Like truth, knowing that being has depth is knowing God is real. how to link being itself to God?  It's an intuitive sense. That's really the bottom line. The connecting link of how we hook up truth and depth of being to God is merely an intuitive sense, "Tillich's Bonaventurian claim that "God is most truly present to the very soul and immediately knowable...we thus therefore intuit God in himself directly without media..."[5]

There is an indication, there's a co-determinate, or a correlate.   In other words there is a "trace of God" or a correlate that we are able to associate with God like a finger print is associated with a finger or a track in the snow is associated with the creature that made the track, How do we know what is associated with God? The best example would be whatever evokes a sense of God;s presence,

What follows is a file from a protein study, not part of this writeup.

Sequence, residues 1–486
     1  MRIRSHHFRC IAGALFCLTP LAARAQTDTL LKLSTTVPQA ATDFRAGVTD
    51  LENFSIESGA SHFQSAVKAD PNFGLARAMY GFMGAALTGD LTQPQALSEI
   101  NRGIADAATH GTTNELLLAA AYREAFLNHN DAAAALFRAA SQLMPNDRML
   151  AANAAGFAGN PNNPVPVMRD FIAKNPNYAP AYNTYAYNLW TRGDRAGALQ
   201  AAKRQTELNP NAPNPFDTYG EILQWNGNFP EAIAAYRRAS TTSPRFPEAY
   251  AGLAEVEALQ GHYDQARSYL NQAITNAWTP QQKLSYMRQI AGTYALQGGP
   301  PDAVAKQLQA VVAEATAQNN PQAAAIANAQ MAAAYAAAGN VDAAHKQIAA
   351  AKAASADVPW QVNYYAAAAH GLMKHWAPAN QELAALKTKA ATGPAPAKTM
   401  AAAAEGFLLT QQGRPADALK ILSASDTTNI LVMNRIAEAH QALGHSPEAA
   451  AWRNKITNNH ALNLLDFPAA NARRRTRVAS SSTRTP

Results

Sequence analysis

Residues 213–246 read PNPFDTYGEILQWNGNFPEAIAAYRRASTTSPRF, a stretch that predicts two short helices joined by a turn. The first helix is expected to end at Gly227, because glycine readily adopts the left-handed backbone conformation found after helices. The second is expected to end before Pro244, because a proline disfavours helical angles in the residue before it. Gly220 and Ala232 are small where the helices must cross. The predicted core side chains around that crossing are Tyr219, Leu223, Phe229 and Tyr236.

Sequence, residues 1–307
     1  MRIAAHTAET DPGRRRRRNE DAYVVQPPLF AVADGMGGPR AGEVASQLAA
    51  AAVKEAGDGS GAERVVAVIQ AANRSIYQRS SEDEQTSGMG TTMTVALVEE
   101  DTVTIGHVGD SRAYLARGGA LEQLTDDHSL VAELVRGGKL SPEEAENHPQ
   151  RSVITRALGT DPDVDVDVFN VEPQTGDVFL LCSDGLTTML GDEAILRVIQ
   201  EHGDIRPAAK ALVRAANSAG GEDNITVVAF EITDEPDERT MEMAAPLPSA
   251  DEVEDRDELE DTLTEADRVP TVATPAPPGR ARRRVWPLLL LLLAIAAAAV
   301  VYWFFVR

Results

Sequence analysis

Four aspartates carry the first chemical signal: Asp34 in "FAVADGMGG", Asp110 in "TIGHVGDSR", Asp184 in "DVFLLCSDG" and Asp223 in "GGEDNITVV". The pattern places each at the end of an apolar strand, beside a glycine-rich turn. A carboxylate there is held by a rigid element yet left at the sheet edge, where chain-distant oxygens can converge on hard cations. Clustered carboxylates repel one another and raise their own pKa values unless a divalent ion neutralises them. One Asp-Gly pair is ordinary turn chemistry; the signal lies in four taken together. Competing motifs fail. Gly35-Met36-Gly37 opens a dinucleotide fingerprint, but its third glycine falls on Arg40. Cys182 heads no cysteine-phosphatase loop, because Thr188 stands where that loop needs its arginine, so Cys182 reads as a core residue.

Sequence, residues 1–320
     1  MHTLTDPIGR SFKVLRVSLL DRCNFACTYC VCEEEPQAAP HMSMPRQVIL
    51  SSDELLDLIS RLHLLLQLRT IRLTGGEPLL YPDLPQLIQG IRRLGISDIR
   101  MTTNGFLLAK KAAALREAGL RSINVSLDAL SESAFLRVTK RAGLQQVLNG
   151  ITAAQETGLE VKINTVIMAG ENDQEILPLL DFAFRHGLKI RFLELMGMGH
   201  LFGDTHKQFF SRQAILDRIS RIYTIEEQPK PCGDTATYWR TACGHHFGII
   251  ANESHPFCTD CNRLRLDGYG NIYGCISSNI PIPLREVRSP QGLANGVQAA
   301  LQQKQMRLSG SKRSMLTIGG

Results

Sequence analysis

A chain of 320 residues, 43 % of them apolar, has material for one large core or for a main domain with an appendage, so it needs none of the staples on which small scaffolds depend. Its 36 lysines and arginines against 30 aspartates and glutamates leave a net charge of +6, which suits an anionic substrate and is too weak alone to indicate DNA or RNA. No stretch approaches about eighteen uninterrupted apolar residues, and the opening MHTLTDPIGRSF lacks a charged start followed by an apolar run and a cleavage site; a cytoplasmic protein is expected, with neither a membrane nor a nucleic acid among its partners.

The juxtaposition between finitude and infinitude evoked by the realization of our own finitude against, for example,  the backdrop of the night sky in the  desert can evoke a sense of the numinous. This is special sense of God's presence and unbounded love. Because this sense points to the reality of God it gives us a fit object of religious devotion, 

Like the issue of truth if we know what depth means we know being has depth and that helps us understand the nature of the sense of the infinite which produces religious sense. The difference is the actual experiences the numinous is empirical and not deductive. The analogy in the understanding of what depth means, If you understand what depth means you know being has depth, From that point you can go on to the initiative sense that connects depth to 'god, the sense which nay include the numinous,